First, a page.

turkish delight

chapter 1

When I moved into my London flat in the area five years ago, the nearest place to get fresh fruit and veg – although fresh in this case isn’t quite the word - was a dingy little store several streets away that specialised in selling items that looked as if they had fallen off the back of a lorry or were scrounged from supermarket dustbins. Bruised carrots. Yellowing lettuces. Oranges about to turn into penicillin. The English couple that ran it didn’t inspire confidence either, being about as dishevelled as their stock. I can’t remember what the store’s official name was; I just thought of it as ‘The Place of Last Resort’.

After about a year of trying to avoid their services, I was encouraged to find the premises one day under new management. It was now run by a Turkish guy, and he seemed to know what he was doing, actually getting vegetables and fruit that people might want to eat. Week after week, the stock of items seemed to grow larger, fresher, and better. The new owner worked really hard turning the place around, and it obviously paid off financially. When the premises next door became vacant, he rented that space as well, using it as his store room for what had become quite an exotic and imaginative array of food suitable for all kinds of cuisines. As the business grew, so did his number of employees, all of them Turkish, all male, bantering with each other in the usual masculine way. Eventually a young female Turkish face joined them at the till, to be replaced after a while by another one, then another one. None of them stayed very long. I figured that it couldn’t have been very easy working there, outnumbered by Turkish men busily behaving like, well, men.

With the store’s regular supplies of potatoes of all shapes, interesting lettuce, and curious objects like passion fruit, I quickly became a regular customer. Around two years ago, I found another reason to frequent the place. She was the latest female employee, Turkish of course, significantly prettier than her predecessors, medium height, dark hair dangling down either side of a friendly face, further blessed with a pleasant smile, a cute freckle just under her right eye, and a delicate, melodious voice that immediately charmed me, even though the words I heard, at least at first, barely stretched beyond “Hi”, “Cash or card?” and “Would you like a receipt?”. I admired her general physique as well, which was fairly trim, though she had slighter bigger breasts than the rest of her might lead you to expect, and a very modest curve on her tummy, rather like one of those sweet little air pillows sometimes used in packaging to fill out a box.

I thought of both features as engaging quirks that gave her an extra twist of femininity, interestingly emphasised one day when I caught her stretching her torso in a big yawn ¬¬– a movement that pushed both breasts and air pillow further out. For some reason, I found myself thinking it was a strange prefiguring of how she might look if she ever grew heavier.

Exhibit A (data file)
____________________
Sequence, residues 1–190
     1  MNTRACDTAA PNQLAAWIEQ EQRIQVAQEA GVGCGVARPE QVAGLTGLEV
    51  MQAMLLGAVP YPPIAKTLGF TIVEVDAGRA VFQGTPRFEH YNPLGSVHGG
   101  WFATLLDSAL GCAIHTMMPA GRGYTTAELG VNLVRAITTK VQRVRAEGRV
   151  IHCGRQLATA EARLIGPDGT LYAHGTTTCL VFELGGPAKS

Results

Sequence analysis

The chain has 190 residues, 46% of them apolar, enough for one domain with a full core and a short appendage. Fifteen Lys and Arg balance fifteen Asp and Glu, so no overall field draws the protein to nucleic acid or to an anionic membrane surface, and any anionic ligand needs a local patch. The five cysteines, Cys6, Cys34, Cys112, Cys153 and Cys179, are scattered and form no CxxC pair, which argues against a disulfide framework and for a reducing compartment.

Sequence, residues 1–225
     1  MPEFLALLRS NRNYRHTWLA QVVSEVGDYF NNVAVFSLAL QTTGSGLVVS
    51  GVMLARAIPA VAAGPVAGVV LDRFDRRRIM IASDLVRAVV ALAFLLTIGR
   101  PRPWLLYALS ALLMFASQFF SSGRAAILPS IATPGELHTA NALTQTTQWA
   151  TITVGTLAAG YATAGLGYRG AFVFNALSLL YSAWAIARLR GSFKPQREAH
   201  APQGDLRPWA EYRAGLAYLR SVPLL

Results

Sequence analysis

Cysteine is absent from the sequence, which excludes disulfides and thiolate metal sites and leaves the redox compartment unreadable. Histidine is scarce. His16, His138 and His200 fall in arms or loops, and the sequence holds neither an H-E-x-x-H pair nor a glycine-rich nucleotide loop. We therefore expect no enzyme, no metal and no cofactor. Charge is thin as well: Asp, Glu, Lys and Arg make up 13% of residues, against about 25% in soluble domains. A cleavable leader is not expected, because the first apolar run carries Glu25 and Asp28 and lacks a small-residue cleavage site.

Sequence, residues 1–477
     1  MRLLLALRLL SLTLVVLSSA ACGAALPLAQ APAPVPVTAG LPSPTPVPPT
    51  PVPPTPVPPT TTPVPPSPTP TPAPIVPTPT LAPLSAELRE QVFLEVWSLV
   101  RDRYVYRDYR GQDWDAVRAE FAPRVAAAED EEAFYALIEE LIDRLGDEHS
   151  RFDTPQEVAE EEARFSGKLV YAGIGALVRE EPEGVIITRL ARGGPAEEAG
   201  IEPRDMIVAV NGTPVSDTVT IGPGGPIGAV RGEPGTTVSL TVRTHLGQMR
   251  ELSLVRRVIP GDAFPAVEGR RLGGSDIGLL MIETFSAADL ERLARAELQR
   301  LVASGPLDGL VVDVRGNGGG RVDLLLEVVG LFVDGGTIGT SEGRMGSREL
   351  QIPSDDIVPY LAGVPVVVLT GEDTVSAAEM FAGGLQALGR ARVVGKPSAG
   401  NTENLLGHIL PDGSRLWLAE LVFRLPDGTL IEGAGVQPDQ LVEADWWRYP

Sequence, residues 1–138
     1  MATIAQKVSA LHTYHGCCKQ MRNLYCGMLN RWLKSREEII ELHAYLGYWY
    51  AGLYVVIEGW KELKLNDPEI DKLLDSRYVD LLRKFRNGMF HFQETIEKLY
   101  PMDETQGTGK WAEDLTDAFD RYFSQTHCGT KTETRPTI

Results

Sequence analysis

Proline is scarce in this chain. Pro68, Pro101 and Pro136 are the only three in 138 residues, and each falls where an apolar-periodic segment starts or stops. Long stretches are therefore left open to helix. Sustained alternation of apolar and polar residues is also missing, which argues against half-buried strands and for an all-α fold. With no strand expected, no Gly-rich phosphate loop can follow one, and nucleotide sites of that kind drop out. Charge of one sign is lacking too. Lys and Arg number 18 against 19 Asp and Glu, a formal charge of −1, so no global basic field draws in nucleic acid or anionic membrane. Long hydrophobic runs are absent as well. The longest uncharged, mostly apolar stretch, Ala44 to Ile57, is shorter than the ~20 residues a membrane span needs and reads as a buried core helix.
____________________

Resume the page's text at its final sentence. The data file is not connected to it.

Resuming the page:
Each time I did my little food shop I hoped she would be on duty. Like me at the second-hand bookshop I worked at, she was employed in shifts. I tried to remember which days she was there, mornings, afternoons, early evenings. Sunday was generally reliable, also mid-week afternoons. With no particular goal in mind, other than being pleasant, I gradually began to engage her in light conversation. Awful weather isn’t it? Have a good night. See you again! Over the weeks, a light customer flow permitting, the exchanges slowly grew longer. She seemed to enjoy talking to me, even if it was often about fruit or veg. I got into the habit of deliberately picking out some exotic item, something I didn’t know how to cook, just to have a conversation point and to enjoy the warmth of her voice and smile.

“You are adventurous, aren’t you?” she’d remark, pricing up some furry ball of fruit that looked just like that alien species in the creaky old original TV “Star Trek”. Tribbles, they were called. I was going to eat tribbles. Then, on my next visit, she’d ask me what I thought of them - the tribbles, kiwanos, or jujubes, or whatever they were.

In time I felt confident enough to tell her my name - it was Michael, nothing fancy – hoping that would be the gateway to me learning hers. She wasn’t offering it at first, so I asked a bit nervously, “And yours?” She grinned and said, “It’s on your receipt!”

I peered at the little strip of paper she’d just given me, full of details I’d never absorbed. “What? Where?”

“Where it says ‘Operator’.”

“Filiz? Filiz? That’s your name? It’s lovely!”

Her grin broadened. “It means blossom, to flower, to sprout.”